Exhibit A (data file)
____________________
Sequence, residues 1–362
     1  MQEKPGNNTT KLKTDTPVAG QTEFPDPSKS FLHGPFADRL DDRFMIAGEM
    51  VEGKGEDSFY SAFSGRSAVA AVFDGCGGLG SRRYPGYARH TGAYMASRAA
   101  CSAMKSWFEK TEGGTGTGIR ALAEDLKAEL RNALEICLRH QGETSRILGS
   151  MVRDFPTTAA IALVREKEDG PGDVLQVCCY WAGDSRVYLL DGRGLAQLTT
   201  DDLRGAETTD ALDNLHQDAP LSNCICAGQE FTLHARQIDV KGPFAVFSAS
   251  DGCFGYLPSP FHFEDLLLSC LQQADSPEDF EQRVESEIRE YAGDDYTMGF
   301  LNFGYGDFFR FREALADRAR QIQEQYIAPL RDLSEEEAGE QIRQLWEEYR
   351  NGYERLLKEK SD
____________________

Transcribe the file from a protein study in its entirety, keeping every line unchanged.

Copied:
Sequence, residues 1–362
     1  MQEKPGNNTT KLKTDTPVAG QTEFPDPSKS FLHGPFADRL DDRFMIAGEM
    51  VEGKGEDSFY SAFSGRSAVA AVFDGCGGLG SRRYPGYARH TGAYMASRAA
   101  CSAMKSWFEK TEGGTGTGIR ALAEDLKAEL RNALEICLRH QGETSRILGS
   151  MVRDFPTTAA IALVREKEDG PGDVLQVCCY WAGDSRVYLL DGRGLAQLTT
   201  DDLRGAETTD ALDNLHQDAP LSNCICAGQE FTLHARQIDV KGPFAVFSAS
   251  DGCFGYLPSP FHFEDLLLSC LQQADSPEDF EQRVESEIRE YAGDDYTMGF
   301  LNFGYGDFFR FREALADRAR QIQEQYIAPL RDLSEEEAGE QIRQLWEEYR
   351  NGYERLLKEK SD